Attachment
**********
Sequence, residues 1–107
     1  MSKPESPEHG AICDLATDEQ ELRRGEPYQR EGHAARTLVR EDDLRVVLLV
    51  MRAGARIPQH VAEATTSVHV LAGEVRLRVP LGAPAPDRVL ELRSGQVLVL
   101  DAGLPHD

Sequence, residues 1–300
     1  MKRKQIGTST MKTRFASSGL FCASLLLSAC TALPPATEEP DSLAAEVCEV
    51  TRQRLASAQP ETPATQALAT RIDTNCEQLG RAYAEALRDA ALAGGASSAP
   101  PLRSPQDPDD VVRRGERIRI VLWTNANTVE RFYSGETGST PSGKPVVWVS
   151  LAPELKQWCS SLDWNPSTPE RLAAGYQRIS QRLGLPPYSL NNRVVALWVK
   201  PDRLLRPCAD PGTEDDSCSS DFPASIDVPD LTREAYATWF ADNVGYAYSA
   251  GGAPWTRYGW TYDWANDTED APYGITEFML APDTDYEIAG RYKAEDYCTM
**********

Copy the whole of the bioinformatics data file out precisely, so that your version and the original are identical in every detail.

Sequence, residues 1–107
     1  MSKPESPEHG AICDLATDEQ ELRRGEPYQR EGHAARTLVR EDDLRVVLLV
    51  MRAGARIPQH VAEATTSVHV LAGEVRLRVP LGAPAPDRVL ELRSGQVLVL
   101  DAGLPHD

Sequence, residues 1–300
     1  MKRKQIGTST MKTRFASSGL FCASLLLSAC TALPPATEEP DSLAAEVCEV
    51  TRQRLASAQP ETPATQALAT RIDTNCEQLG RAYAEALRDA ALAGGASSAP
   101  PLRSPQDPDD VVRRGERIRI VLWTNANTVE RFYSGETGST PSGKPVVWVS
   151  LAPELKQWCS SLDWNPSTPE RLAAGYQRIS QRLGLPPYSL NNRVVALWVK
   201  PDRLLRPCAD PGTEDDSCSS DFPASIDVPD LTREAYATWF ADNVGYAYSA
   251  GGAPWTRYGW TYDWANDTED APYGITEFML APDTDYEIAG RYKAEDYCTM